For Exercise 1, I wanted to analyze the spatial pattern of western hemlock dwarf mistletoe infections in live western hemlocks on my 2.2 ha reference stand (Wolf Rock). This was without considering any attributes of the western hemlock trees themselves. Simply, what was the spatial pattern of infection?
To answer this I used the “Average Nearest Neighbor” tool in the Spatial Statistics toolbox in ArcMap. This tool calculates a z-score and a p-value from that z distribution. This is a commonly used method in dwarf mistletoe literature for assessing the clustering of infection centers. Also, the equations for this tool assume that points are free to locate wherever in space and that there are no barriers to spread.
ArcMap makes running these analyses very simple so I created a selection of infected trees (red dots), created a new feature, and then ran the tool. The p-value from my test was 0.097 and my Nearest Neighbor Index was 0.970, indicating that the spatial pattern of the infections are somewhat clustered with an alpha of 0.10.
Average Nearest Neighbor is a good test for analyzing whether or not a set of coordinates are clustered. The degree of clustering of may be harder to interpret as a lower p-value may not necessarily mean points are more clustered. Also I was unable to see where my clusters are, and if my intuitions match the analysis (see map). One other important consideration is the study area. Changes in analysis area can drastically change the result of your clustering analysis (i.e. larger study areas may make data look more clustered). Lastly, there was no option for edge correction. This may have skewed some of the clustering results along the edge of my study site and 2.2 ha is pretty small to be subsampled without losing a lot of my data.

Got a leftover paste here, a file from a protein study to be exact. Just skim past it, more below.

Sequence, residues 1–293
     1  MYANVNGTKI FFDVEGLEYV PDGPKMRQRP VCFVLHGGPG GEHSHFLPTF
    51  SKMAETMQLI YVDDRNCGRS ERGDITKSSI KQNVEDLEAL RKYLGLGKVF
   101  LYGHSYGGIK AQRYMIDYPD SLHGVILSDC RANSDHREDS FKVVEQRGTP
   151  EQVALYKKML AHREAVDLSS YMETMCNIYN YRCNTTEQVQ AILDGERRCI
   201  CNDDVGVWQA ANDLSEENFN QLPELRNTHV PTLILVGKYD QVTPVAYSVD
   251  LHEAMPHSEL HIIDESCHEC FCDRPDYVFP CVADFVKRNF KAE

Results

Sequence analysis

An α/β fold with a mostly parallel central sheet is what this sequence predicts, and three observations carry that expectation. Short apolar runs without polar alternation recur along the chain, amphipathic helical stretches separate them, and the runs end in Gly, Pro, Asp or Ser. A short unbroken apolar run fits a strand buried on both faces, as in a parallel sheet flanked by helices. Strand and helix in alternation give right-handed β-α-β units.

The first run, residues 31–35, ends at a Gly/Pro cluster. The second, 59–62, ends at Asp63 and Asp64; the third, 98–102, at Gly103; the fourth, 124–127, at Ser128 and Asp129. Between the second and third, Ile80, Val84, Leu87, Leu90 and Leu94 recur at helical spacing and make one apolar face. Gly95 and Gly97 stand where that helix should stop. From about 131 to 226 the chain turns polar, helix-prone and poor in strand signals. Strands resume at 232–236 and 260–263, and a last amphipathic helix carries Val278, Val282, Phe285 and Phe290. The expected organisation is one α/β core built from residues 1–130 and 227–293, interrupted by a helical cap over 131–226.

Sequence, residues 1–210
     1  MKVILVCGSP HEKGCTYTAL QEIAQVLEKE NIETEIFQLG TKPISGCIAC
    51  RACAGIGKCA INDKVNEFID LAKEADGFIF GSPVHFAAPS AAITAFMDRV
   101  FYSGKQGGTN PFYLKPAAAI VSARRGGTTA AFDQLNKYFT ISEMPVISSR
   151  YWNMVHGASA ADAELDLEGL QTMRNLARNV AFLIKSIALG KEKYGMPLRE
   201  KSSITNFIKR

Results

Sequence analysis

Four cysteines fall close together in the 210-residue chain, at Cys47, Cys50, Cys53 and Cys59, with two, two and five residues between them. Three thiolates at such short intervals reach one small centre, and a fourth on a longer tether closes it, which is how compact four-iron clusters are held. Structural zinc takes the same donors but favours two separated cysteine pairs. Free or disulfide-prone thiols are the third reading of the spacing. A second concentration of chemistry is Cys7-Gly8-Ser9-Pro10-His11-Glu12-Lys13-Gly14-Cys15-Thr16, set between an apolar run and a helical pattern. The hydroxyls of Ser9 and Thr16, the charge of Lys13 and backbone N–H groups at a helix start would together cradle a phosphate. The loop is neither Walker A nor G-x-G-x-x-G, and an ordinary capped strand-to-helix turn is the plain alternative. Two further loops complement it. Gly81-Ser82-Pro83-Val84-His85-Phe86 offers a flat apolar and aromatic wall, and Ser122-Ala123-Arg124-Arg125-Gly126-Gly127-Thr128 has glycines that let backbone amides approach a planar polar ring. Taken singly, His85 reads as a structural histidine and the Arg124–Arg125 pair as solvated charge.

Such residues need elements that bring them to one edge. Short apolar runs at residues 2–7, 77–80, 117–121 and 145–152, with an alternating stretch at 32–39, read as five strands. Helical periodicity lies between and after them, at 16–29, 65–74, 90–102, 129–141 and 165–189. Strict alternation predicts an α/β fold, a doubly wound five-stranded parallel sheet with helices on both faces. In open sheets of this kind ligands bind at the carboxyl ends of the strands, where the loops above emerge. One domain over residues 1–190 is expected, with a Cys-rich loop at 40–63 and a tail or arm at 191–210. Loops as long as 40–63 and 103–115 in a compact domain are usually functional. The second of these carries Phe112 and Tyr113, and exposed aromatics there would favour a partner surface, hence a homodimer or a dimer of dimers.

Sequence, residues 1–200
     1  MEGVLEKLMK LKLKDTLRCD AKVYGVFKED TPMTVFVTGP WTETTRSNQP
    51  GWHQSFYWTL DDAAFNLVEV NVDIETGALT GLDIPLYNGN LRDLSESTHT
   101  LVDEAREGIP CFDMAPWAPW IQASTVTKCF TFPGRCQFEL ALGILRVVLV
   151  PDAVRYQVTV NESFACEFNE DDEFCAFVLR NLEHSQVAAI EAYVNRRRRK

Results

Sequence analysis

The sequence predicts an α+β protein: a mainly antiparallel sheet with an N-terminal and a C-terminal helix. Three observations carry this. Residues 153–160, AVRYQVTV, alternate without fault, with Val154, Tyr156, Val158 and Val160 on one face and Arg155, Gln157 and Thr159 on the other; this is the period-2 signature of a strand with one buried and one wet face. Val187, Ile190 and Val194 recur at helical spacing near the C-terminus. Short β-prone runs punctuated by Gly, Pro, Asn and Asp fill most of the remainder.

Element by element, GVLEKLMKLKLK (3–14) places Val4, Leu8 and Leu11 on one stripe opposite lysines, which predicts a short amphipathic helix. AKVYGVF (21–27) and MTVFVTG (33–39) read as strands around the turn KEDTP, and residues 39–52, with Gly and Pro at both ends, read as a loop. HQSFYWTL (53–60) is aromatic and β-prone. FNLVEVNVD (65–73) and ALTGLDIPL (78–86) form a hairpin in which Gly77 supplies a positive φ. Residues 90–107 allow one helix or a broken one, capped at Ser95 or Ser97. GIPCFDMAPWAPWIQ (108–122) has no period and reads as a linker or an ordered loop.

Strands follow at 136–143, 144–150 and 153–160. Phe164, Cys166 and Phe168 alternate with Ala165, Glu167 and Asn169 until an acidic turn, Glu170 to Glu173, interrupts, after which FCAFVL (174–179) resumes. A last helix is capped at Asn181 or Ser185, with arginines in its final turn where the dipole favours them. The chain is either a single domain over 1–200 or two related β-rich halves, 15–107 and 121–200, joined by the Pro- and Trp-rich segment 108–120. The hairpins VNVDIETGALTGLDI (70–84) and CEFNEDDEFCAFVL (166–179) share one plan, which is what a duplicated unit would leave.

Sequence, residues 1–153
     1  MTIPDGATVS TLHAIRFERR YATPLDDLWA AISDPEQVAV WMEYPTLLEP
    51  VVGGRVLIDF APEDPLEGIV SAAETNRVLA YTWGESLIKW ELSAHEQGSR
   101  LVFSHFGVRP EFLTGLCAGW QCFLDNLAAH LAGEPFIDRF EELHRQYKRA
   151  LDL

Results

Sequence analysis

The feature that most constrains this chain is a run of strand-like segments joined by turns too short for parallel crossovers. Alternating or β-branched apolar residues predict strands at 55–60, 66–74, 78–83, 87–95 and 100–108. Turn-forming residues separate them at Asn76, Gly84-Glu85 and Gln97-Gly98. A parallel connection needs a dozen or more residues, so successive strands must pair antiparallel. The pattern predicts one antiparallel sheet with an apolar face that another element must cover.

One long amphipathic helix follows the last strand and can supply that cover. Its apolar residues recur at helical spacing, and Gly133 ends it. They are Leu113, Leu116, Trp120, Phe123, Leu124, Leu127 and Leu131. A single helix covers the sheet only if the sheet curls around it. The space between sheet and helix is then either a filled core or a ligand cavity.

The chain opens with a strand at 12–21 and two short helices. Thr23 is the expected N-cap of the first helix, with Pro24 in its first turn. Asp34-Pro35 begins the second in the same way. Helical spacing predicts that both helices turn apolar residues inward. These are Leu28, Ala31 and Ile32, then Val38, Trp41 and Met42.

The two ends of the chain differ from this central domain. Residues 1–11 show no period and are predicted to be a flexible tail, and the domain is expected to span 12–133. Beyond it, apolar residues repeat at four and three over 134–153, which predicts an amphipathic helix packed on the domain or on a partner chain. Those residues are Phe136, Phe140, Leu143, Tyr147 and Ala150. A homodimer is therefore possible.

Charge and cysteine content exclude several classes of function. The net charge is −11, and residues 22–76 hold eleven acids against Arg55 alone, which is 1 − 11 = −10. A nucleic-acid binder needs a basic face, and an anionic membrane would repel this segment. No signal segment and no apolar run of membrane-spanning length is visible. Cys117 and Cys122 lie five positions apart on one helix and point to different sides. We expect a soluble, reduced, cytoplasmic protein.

After confirming that my infections were clustered, I wanted to see if the pattern I saw in my map, was actually on the ground. I wanted to know, where are infected trees clustered with infected trees and where are uninfected trees clustered with uninfected trees? Again, this was without considering any attributes of the western hemlock trees themselves.
I used the “Optimized Hot Spot Analysis” tool in the Mapping Clusters toolbox to analyze the incidence of infection data (0 = absence, and 1 = presence). The Optimized Hot Spot Analysis tool can automatically aggregate incidence data that are normally not appropriate for hot spot analysis. It also calculates several other metrics for me that made analysis easy. I could take these automatically calculated metrics and alter them in a regular hot spot analysis if needed.
This map displays clustering that matched up closely with my intuitions from Map 1. On the left, the blue values show a cluster of uninfected trees that are closely clustered with other uninfected trees. The larger swath on the right show a cluster of trees that are closely clustered with other infected trees. In the middle a mix of uninfected trees and infected trees are mixed without displaying any significant clustering. Lastly, small clusters in the top left and bottom left of infected trees were identified. These clusters may be edge of larger clusters outside my stand, or lightly infected trees that are starting a new infection center. These results will be extremely valuable in informing my steps for Exercise 2 because I can assess the conditions of both patches and determine differences between the two. I can also determine if distance to the refugia impact the clustering of infection because it appears the infected cluster is closer to the fire refugia.